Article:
06 December 2017

Victoria Police concealing criminal activity can be charged?

Men and women within Victoria Police have admitted to concealing, covering up or rather not reporting criminal activity within the force.

People should comprehend that criminal activity causes harm to the man or woman or more specifically their legal entity their 'person'.

Police who conceal / coverup / do not report criminal activity are not in honour where they are also causing harm to the community and in breach of the very community 'standards' they are apparently supposed to uphold.

Aiding and abetting as it is known is against the law, in particular the Crimes Act 1958.

Does this Act also apply to the police?

Show us a 'lawful' Act / clause / exemption that excludes police from the Crimes Act of 1958.

The 'problem' is much greater than described by mainstream media, and admitted to by the police, as don't forget the so called statistics are according to their honest(?) response.

See article from 5 Dec 2017 by theguardian.com of the headline:

One in five Victoria police say reporting corruption could cost their job

One respondent in anti-graft commission survey describes a ‘fear of retribution’, while another asks ‘is this career-ending?’

One in five Victoria police employees say they would not report corruption even if they witnessed it and another one in five said they feared losing their job if they reported corruption, according to a report released on Tuesday.

The report by the Independent Broad-based Anti-corruption Commission (Ibac) is based on a survey of 1,172 Victoria police employees, of which 80% were sworn police officers. It follows a series of investigations into corruption in the police force, including allegations of drug trafficking and abuse that were substantiated by an Ibac inquiry last year.

Eighty per cent of respondents said they would report corruption if they personally observed it, up from 71% in 2015.

But the report found that 46% of survey respondents feared some form of personal repercussion if they reported corruption within the organisation, with one respondent commenting: “You ask yourself – is this career ending?” Nearly one in five (18%) agreed with the statement “if I reported corruption, I could lose my job”.

While the majority said Victoria police encouraged people to act with honesty and integrity, 13% of respondents said they felt Victoria police “actively discourages the reporting of corruption”.

“There is fear of retribution,” one respondent said. “Whilst Victoria police is a large employer, it is also very small.”

Another commented: “I have come across corruption and reported it. I was ostracised and bullied for doing so.”

Unlike other government organisations, the proportion of people who said they would report corruption did not substantially increase if they were offered the opportunity to do so anonymously, which the Ibac suggested some “tend to have doubts about Victoria police’s openness to reports of corruption”.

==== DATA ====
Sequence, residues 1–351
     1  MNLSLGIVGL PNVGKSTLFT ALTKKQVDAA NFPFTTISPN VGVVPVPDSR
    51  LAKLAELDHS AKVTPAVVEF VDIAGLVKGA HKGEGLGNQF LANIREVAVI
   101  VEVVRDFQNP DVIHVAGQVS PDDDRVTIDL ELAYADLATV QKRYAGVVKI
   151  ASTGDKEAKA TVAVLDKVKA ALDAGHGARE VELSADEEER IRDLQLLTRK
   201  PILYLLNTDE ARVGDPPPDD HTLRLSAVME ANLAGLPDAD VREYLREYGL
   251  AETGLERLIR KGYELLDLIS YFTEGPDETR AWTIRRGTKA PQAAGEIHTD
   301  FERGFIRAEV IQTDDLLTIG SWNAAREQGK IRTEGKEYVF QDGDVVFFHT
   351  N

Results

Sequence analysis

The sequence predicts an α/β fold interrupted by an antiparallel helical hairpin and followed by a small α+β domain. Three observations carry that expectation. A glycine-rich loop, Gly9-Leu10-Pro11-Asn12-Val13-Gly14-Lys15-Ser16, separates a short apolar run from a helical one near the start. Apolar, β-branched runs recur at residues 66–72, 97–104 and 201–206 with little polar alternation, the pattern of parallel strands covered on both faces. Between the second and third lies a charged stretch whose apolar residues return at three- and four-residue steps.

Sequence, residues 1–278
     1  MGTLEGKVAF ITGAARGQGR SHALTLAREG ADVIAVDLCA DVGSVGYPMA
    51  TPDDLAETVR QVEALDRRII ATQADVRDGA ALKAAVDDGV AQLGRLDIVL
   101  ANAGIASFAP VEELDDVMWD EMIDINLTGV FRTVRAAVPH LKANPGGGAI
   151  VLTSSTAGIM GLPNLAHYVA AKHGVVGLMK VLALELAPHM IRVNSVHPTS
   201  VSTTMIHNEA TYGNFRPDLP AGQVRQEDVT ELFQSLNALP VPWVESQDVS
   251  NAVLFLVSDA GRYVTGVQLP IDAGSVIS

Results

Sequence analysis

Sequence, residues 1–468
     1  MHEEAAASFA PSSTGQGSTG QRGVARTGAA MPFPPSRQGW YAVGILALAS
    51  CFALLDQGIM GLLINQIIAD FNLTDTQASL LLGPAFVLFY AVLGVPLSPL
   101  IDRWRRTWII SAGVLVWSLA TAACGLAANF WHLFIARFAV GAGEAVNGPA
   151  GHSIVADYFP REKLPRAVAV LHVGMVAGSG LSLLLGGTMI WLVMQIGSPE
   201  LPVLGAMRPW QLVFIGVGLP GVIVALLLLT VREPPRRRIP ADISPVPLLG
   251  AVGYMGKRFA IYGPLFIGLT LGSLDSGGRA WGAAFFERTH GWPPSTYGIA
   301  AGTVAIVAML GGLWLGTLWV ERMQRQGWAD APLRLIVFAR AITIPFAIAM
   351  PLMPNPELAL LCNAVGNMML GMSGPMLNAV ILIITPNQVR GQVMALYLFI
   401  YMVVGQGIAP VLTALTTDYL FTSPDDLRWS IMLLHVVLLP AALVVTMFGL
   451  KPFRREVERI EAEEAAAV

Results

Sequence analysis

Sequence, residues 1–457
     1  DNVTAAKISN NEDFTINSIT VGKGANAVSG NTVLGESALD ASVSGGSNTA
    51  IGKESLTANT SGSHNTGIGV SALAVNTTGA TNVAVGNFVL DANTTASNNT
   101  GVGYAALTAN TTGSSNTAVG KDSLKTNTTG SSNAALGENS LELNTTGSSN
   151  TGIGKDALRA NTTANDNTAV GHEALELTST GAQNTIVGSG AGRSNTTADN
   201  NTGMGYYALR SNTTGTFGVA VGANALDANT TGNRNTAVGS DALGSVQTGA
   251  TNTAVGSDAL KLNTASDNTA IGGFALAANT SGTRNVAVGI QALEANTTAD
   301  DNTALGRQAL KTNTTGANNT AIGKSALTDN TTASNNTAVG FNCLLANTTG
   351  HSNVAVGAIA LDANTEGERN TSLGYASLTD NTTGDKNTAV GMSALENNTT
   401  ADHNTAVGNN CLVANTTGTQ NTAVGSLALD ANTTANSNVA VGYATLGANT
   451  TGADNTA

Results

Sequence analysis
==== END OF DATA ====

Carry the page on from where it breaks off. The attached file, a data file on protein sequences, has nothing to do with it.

Most respondents said they would report corruption internally, either to professional standards or their direct supervisor.

“‘We were taught to sort it out, contain,” a respondent said. “And then if you can’t, escalate it up the line. Not externally.”

The report identified the potential for misuse of information as the highest risk of corruption in the organisation, followed by an undeclared conflict of interest, abuse of discretion, perverting the course of justice, and bribery.

One in 10 respondents said they had observed someone within Victoria police perverting the course of justice, and 29% suspected it.

One in five respondents said they had observed someone misusing information or abusing their discretion, while one in two said they suspected someone of misusing information and just under one in two said they suspected someone of abusing their discretion.

A third of respondents said they had suspected bribery but only 3% said they had observed it.

The survey also asked officers to classify certain behaviours as corruption, misconduct or acceptable, and found a high degree of confusion in certain areas, particularly around accepting a free meal from fast food restaurants.

Many fast food restaurants routinely offer free meals to uniformed police and emergency service officers.

While only 7% said accepting a free meal was definitely corrupt, 24% said it counted as misconduct and 21% were not sure.

Other bad behaviour, such as a police officer repeatedly asking a victim out on a date or using a racial slur, were classed as misconduct by about three-quarters of respondents.

Eight per cent of respondents said they did not know if a police officer removing drugs from a crime scene and keeping them for personal use would be considered corrupt.

Ibac said it was concerning that a “substantial proportion” of respondents did not agree corruption needed to be reported – 20% disagreed with suggestions they would report corruption if they directly observed it or that they would report corruption because it affected the Victorian community.

Despite those figures, the report found that generally Victoria police employees had a high level of awareness of what constituted corrupt behaviour and how to report it, and felt Victoria police had strong anti-corruption policies.

In a statement Victoria police said it was “pleasing” that most of its employees felt confident in identifying corruption and said the perception that those who reported corruption would face repercussions was incorrect.

“We acknowledge that some employees have responded with concern of the personal cost or repercussions of reporting corrupt behaviours. Victoria police will continue to respond appropriately to reported corruption or misconduct and protect our people from detrimental action,” it said.

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